A/C, not sure about your needs and wants but if so, one dedicated 15 amp circuit wherever you intend to mount one.

DC.. a whole other kettle of fish due to your layout once again. yes, you can move existing around for best application for you. Keep it mostly at #12awg stranded for lights, dc outlets, grounding is SO critical to get right or a pita to troubleshoot for most anyone once covered up.

With both AC and DC, get it right and tested before even thinking foaming. Make sure you haven't forgotten something simple that will make for an amateur looking fix if you have to add later when interior is finished.
Probably missed something here so just ask. Just be very clear in your mind that the layout is what you want beforehand. Then foam

John
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Old 01-07-2018, 01:17 PM   #4
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Since we're on the subject of wiring I'm to the point where I'm making my AC ducts with the plan being to run my wiring inside the ducts. Some one mentioned to me that they thought the wires inside the ducts would affect airflow in a negative manner,,,Thoughts
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Old 01-07-2018, 01:28 PM   #5
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Tyania,

Take a look at my thread. I got my spray foam done this past fall. I ran hollow conduit lines as well as electrical lines for wiring up circuits. The bus's electrical system I made sure was solid and functioning before spray foaming. If there was any over-spray (and there was plenty of that) it would not adversely impact the 12 volt system. I secured the wiring, covered areas I didn't want spray foamed, taped other areas for construction (easier to remove the foam and tape underneath for a clean surface), and covered equipment such as heaters and duct work to prevent clogs.

The end result was awesome. The closed cell spray really insulates well. I'm very happy with the end result. I'm adding a second layer of insulation, but it's the hard board insulation to where I can run extra electrical lines and what not as I need. The end result is a bus with an R-value in the low 20s or so. Most conventional homes don't have that much R-value, so I'm delighted to be that much further ahead.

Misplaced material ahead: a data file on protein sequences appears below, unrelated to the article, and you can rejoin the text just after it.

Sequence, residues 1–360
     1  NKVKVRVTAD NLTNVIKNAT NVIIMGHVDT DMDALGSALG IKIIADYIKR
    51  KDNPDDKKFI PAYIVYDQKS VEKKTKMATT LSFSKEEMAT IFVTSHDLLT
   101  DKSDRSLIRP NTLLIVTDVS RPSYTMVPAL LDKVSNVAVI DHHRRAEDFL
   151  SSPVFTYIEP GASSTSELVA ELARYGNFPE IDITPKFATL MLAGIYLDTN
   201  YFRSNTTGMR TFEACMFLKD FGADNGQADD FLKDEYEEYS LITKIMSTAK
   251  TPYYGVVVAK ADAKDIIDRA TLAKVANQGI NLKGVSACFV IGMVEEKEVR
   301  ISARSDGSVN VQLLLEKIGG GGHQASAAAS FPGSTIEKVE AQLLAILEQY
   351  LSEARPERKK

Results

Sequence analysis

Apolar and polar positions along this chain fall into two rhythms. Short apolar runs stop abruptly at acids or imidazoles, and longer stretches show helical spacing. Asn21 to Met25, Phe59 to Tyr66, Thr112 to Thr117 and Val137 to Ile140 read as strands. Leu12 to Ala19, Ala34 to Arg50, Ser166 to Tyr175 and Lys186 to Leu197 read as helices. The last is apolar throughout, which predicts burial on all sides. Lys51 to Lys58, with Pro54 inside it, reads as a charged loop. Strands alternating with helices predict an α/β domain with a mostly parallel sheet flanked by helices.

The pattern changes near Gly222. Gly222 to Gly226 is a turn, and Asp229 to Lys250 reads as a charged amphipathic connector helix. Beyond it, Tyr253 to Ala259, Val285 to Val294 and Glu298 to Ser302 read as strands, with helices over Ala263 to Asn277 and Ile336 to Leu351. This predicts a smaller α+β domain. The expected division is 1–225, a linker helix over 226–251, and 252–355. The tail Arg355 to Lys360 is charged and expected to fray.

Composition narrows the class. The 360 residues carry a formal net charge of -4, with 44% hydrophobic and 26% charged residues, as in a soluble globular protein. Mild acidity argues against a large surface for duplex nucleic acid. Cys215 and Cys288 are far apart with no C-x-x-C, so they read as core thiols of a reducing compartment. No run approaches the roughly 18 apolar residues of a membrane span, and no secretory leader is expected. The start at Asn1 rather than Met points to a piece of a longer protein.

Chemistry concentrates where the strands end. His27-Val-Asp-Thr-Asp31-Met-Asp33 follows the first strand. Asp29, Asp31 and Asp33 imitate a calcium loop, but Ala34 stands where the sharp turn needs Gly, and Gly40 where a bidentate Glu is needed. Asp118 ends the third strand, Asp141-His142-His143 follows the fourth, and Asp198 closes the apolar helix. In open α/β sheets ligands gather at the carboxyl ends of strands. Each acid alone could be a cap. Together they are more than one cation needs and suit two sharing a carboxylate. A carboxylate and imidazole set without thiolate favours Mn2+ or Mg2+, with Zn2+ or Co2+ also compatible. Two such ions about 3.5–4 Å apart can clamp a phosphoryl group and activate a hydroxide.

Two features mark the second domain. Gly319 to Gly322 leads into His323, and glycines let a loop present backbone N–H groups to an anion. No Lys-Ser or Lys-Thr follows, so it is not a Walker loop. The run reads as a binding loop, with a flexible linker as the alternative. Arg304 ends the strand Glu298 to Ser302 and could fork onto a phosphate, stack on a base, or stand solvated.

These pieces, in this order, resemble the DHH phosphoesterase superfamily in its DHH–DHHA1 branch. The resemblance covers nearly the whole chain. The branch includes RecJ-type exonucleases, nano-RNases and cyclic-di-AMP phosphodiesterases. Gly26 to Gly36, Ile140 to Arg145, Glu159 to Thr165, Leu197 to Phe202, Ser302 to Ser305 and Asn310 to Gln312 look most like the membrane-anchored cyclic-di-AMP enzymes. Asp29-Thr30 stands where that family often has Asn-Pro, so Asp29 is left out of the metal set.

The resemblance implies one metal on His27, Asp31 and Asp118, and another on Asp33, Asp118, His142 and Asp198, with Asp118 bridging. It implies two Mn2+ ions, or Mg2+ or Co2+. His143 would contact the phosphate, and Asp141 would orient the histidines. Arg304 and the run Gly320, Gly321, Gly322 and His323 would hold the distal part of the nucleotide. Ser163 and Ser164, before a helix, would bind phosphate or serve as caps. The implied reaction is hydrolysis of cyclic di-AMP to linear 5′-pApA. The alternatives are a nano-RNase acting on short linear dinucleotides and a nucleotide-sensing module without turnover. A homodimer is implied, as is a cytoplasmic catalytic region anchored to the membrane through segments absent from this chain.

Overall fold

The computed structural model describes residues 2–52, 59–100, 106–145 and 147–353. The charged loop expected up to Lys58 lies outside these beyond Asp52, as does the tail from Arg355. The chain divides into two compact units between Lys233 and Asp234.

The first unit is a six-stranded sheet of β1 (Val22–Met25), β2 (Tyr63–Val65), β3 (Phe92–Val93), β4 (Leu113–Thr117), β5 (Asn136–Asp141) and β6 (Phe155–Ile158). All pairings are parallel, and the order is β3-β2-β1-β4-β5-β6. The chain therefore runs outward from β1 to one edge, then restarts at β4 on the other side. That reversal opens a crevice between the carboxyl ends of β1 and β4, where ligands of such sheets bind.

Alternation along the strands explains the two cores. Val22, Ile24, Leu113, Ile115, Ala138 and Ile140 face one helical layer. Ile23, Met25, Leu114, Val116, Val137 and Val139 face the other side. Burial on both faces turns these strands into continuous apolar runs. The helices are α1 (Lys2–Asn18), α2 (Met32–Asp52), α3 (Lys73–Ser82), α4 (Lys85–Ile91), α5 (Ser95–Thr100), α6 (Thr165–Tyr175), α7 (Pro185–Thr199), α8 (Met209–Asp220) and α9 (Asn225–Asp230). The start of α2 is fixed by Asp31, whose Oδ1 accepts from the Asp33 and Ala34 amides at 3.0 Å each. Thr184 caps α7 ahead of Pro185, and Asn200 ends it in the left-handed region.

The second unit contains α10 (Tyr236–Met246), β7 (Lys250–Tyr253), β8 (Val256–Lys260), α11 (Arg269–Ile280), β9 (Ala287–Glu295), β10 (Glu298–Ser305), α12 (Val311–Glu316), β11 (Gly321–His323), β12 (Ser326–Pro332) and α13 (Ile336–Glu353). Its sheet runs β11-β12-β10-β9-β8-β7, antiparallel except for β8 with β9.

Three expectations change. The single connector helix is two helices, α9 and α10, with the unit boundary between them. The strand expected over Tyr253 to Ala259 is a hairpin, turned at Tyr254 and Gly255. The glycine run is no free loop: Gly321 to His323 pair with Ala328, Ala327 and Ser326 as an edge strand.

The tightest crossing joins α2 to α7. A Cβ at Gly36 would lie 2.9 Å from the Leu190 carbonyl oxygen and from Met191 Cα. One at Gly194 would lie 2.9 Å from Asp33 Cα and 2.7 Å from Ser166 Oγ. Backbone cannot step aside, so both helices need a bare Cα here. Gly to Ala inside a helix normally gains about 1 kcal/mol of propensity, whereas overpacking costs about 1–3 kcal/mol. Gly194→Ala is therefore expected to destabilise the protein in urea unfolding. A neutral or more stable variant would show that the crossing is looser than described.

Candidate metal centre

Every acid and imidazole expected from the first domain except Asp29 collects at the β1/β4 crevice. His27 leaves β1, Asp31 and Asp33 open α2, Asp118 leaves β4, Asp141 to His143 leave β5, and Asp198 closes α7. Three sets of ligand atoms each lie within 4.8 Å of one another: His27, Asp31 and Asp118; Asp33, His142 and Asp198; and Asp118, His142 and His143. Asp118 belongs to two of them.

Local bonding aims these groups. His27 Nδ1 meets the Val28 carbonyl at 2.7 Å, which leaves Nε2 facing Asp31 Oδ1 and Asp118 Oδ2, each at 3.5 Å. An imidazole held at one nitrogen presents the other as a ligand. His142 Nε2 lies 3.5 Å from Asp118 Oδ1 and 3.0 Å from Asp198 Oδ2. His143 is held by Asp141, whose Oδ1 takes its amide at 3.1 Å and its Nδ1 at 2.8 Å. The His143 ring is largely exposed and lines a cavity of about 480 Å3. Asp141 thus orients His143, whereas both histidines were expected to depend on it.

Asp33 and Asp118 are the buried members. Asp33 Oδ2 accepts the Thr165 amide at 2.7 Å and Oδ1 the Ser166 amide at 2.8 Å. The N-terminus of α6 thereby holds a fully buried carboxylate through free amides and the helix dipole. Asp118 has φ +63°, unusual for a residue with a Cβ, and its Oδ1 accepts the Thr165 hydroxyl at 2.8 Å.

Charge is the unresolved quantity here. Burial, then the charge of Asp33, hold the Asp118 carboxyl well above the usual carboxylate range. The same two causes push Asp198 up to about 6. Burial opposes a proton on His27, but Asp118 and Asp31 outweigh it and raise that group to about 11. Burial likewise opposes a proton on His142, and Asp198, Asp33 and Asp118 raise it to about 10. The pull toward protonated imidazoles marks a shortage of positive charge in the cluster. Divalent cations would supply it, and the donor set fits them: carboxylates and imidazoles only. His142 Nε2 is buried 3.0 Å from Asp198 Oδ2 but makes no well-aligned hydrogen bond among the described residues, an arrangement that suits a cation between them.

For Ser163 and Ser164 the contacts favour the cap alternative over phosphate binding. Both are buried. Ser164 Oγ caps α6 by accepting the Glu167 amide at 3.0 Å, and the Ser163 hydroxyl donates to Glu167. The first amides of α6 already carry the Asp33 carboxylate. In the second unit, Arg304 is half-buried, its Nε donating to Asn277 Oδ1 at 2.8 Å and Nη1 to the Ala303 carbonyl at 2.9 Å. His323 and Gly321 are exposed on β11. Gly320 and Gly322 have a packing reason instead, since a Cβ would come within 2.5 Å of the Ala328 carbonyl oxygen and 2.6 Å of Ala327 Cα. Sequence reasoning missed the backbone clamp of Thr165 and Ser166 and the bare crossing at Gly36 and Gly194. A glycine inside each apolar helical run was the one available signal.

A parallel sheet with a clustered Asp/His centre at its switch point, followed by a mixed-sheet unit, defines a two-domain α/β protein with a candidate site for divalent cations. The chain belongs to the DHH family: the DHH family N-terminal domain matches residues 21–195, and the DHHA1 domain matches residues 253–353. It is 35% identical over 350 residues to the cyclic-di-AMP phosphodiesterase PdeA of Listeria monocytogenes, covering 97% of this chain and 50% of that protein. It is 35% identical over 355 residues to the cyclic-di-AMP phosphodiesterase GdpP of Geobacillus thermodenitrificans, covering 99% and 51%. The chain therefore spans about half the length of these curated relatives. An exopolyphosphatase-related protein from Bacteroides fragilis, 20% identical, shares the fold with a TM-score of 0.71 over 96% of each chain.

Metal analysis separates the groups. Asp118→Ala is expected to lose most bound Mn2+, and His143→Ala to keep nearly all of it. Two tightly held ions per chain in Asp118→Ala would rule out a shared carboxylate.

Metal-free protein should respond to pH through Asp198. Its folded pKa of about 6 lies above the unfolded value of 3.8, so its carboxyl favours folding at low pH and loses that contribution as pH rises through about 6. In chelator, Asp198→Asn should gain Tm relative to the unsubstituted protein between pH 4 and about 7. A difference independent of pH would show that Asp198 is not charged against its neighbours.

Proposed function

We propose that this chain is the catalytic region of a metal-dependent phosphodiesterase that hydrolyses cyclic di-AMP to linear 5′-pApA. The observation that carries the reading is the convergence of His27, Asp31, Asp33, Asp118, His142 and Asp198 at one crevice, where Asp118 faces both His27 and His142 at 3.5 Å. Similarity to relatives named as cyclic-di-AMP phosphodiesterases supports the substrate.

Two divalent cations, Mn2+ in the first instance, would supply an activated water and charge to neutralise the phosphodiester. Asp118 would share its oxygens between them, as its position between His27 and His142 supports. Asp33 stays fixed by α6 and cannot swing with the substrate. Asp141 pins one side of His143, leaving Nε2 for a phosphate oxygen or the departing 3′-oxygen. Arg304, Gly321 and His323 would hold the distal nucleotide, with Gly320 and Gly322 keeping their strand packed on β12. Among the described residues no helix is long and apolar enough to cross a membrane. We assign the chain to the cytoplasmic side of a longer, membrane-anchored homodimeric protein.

Plumbing is not the issue so much as planning the electrical system. The 120 volt system is the big concern. Be sure you know where the refrigerator, stove/oven, microwave (IF you want one - we don't due to cancer concerns), washer, dryer, lights, fans, A/C, computer(s), monitors, printers, televisions, and other appliances are located and the wiring to properly, and SAFELY plug them in is mapped out and well planned for. After that is figured out, prepare the masking and covering accordingly. Spray foaming after al that goes really FAST!!! About four hours or so later, and YOU are DONE!!! The foam will react with the metal and get fairly warm. You definitely do NOT want to touch the areas being sprayed for several minutes (I personally recommend 15 minutes). The fumes are also potent and WILL take your breath away if you do not have a respirator with new, clean filters. I could explain the chemical reactions within your lung tissue, but this is a bus building site, not a medical analysis site. Open all windows/doors after spraying is completed. Let those fumes dissipate before working on the bus. My bus took about three days to really air out before I could get in there and get working again.

Hope these experiences I had help you with your project.

You'll enjoy the results!

M
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Old 01-07-2018, 01:36 PM   #6
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Wire insulation is rated on among other things it's ability to allow a certain maximum amperage to flow in the wire it protects. Temperature plays a role in that ability. Placing wire in a conduit decreases the ability of the wire to shed heat caused by current flow. This can lead to insulation failure etc. Check the wire mfg's specs as they apply to your planned configuration and you'll be good to go. Jack